One Year with Apple AirPods

It was a year ago that began selling the AirPods and they were sold out instantly. In fact, it was difficult to get them for months as Apple struggled to keep up with demand. Production finally caught in mid-summer up only to fall behind in recent weeks as holiday demand surged. I ordered mine within minutes of them going on sale so was lucky enough to get in on the first shipment. I’ve worn them many times a day every day since they arrived.

It’s been said by many over the past year that the AirPods were their favorite Apple product in recent memory. There’s no doubt, they are a delight to use. For anyone that enjoys music or podcasts on the go, especially those with an iPhone or Apple Watch, these are well worth the cost.

A few highlights:

  • They stay in my ears very well and many report the same thing. Even if the fit is not perfect, because there is no wire tugging, they tend to stay put.
  • The batteries last 3-4 hours and recharge very quickly in the case which lasts for 3-4 days.
  • Siri works fantastically.
  • Phone calls are great. The mic does a great job of cancelling out background noise providing clean audio for the person I’m talking to.
  • With the occasional oddball exception, they pair up quickly with whatever device I’m trying to use. Usually iPhone or AppleWatch, sometimes an iPad.
  • I’m often streaming music from my iPhone to the AppleTV. When I head out for a walk I pop the AirPods in and the music switches to them with no action from me. That’s the kind of magic that makes me smile.
  • They rarely drop the connection and have a pretty fantastic range. I often step outside my tiny house, forgetting the phone inside (sometimes leaving it deliberately) and can take care of little tasks such as refilling bird feeders, watering plants on the deck, etc. A 30 foot range is pretty typical. At about 40 feet they start to drop a bit.
  • I use them a lot with Siri to control audio especially in the winter when my phone is in a pocket, I’m wearing gloves and the watch is under layers of clothing. I often tap through hats and hoods to activate Siri and it works great to change artist, repeat a song, skip forward, etc. Same to answer or initiate a call.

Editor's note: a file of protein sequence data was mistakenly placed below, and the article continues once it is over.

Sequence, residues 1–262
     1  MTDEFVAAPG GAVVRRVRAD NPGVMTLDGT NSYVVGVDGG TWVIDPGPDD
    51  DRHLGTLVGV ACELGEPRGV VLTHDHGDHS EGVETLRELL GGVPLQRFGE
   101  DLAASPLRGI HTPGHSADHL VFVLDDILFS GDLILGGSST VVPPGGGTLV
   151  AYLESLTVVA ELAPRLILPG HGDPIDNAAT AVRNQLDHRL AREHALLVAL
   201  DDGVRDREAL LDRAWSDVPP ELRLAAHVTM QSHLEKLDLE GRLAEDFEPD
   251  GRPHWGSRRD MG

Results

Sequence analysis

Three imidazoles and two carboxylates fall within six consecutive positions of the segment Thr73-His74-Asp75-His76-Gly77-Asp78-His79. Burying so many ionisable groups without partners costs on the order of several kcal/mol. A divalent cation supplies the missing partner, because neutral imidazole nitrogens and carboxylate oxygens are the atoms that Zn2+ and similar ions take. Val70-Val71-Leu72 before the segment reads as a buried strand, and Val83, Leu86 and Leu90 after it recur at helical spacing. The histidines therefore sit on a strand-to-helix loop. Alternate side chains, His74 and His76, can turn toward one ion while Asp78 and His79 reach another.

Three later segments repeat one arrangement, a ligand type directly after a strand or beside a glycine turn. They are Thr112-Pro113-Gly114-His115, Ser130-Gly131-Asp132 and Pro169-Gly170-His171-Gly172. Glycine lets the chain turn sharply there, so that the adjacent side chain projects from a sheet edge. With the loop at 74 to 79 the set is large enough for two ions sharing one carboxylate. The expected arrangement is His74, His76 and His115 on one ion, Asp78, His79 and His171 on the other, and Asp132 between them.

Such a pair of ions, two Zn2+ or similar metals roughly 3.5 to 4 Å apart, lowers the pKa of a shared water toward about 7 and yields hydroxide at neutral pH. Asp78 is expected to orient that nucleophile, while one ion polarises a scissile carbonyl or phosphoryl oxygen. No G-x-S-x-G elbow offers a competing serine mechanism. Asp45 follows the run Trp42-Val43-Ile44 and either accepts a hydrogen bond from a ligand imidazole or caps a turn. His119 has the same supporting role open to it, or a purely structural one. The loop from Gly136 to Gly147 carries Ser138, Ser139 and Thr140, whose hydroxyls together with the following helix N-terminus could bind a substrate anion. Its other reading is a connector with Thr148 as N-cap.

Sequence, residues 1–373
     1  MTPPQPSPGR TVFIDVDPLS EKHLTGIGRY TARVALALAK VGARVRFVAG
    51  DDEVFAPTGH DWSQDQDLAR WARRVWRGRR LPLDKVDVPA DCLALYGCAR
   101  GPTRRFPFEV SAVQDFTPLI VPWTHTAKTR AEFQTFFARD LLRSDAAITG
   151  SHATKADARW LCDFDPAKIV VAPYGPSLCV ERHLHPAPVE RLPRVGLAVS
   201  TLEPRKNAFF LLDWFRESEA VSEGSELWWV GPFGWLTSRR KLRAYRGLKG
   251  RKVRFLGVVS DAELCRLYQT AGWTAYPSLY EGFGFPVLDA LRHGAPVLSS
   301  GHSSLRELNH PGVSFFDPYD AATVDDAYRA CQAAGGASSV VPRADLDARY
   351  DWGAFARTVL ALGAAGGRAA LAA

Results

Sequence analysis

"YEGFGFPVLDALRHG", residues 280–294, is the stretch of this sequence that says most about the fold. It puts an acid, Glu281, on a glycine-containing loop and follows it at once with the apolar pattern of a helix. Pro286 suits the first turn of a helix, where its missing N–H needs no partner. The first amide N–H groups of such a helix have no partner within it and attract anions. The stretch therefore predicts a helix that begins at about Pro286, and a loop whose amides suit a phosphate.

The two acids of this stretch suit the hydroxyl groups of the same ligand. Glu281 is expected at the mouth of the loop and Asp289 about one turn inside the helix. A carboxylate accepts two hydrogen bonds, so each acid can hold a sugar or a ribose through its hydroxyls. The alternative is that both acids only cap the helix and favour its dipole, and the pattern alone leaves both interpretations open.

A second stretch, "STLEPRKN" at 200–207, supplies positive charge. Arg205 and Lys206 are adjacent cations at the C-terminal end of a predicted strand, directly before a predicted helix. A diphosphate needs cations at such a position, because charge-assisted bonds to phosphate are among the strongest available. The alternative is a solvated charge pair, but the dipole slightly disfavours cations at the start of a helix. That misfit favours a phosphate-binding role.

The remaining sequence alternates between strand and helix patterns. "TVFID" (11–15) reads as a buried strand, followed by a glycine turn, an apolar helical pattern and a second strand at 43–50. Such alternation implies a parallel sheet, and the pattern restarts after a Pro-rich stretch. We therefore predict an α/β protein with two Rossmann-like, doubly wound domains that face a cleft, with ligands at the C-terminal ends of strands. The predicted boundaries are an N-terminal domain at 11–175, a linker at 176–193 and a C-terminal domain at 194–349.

• I have not lost them. They are in my ears or in the case. The case is on a shelf (they have their spot) or in my pocket. Basically I treat them the same way I treat other little things such as my keys.

HomePod Pricing

It’s always funny when journalists give advice to Apple. Here’s Shira Ovide at Bloomberg who suggest Apple’s HomePod is priced too high:

But if Apple truly wants to become more than a hardware company, it needs to think different — to steal from a Steve Jobs advertising campaign. It needs the quality of its digital music service, mapping app, Siri, future web video products and more to be up to par and not only good enough to help differentiate its hardware from that of rivals. Apple doesn’t necessarily need to sell $50 Siri speakers. But if Apple wants its software and internet offerings to stand on their own, then it needs to borrow from Amazon and Google and make the hardware a means to an end — and rethink gadget prices, too.

The same thing was said about the AirPods. But interestingly Apple has been selling AirPods so quickly that they have barely been able to produce enough of them to keep up with demand. Apple never engages in the race to the bottom as we see is now happening between Amazon and Google as their smart speaker prices fall lower and lower. The market is flooded with dirt-cheap tablets but iPads continue to sell at normal iPad prices. Same goes for the AppleWatch. And the iPhone X. The list goes on.

It always surprises me that journalists and analysts get to keep their jobs regardless of how consistently wrong they are.

Given the number of bluetooth speakers that are available in the $300+ range I consider the HomePod at less than $400 a bargain. Unlike a bluetooth speaker which does nothing but play music piped in from nearby device, a HomePod is a self-contained speaker capable of not only pulling down it’s own music via the internet but will also allow for playing from iPhones, iPads, AppleTVs. Not to mention all the features that come along with Siri and the convenience of voice control.